Basic Intro to Global Illumination

A while back when I was just starting to get into the 3D scene, and trying to get good looking renders from my application, I had a hard time getting started. I had no idea what I was doing, and rendering was no exception. My preferred application (right now) is Cinema 4D R11.5 from Maxon. Getting images and sequences out of that program was totally a different monster than Compressor or After Effects.

But this isn’t an article on rendering. It is about Global Illumination or for short “GI.” I posted a few weeks ago an article on some good GI presets, but I didn’t go into what GI was or how it is successfully used. Well, this is everything I should have already posted weeks ago.

I can’t even begin to explain what GI is without showing exactly what it does and looks like. To the people close to me, you know how big something is when I call it my “easy button.” and this sure is one of them!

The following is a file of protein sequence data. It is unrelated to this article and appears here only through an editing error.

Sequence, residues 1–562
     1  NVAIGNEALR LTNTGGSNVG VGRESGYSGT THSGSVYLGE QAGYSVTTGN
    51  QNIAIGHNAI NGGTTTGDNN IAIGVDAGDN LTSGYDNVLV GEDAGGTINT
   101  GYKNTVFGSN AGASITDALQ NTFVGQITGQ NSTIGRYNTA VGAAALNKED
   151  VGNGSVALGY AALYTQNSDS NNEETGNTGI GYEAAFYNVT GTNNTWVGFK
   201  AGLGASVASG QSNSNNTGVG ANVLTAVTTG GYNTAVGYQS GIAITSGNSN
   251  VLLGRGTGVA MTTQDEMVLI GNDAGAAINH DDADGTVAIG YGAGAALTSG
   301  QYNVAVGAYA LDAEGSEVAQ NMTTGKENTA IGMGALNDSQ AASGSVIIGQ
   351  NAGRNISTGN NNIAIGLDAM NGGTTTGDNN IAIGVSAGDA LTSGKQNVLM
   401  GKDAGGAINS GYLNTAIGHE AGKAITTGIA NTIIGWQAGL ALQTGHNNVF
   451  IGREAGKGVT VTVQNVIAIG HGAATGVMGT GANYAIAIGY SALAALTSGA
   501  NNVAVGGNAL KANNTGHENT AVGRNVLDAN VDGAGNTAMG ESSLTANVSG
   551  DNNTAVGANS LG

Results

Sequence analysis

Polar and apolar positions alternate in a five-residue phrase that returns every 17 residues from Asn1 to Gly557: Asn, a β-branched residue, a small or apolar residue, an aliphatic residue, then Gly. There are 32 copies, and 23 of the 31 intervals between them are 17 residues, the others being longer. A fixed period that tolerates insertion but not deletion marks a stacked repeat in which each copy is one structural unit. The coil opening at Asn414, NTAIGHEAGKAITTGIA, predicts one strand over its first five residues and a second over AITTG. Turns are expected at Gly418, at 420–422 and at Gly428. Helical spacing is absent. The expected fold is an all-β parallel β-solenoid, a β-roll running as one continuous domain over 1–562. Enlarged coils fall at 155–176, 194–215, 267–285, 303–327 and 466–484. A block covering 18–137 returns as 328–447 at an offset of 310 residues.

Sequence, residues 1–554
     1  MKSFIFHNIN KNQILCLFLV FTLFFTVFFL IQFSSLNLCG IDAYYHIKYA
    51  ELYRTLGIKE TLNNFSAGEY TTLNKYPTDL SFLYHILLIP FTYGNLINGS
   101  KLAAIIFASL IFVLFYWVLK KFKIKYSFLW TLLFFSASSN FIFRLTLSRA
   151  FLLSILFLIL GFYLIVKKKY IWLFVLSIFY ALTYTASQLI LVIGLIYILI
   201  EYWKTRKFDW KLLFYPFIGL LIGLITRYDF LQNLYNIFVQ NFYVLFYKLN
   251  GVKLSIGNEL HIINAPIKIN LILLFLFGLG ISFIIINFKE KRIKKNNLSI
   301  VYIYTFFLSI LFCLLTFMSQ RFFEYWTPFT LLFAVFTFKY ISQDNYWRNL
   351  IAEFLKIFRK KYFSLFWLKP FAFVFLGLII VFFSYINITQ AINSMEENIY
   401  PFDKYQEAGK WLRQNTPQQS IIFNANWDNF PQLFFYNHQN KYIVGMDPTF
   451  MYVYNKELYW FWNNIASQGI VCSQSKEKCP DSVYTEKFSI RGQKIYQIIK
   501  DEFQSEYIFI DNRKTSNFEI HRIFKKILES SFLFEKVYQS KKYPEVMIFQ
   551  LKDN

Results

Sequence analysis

With GI

With GI

Just notice how much better the picture with GI looks than the one without.

No GI

No GI

I call GI my easy button because it basically lights my scenes for me! Now that doesn’t exactly reflect what the feature actually does, but it sure does seem that way most of the time. Lights still have to be placed in the near-right places; the GI just adds the realistic shadows, reflections and the light depth.

Hopefully later I will be able to go deeper into explaining GI. But for now, I’ll just leave this intro article at my simple illustration!

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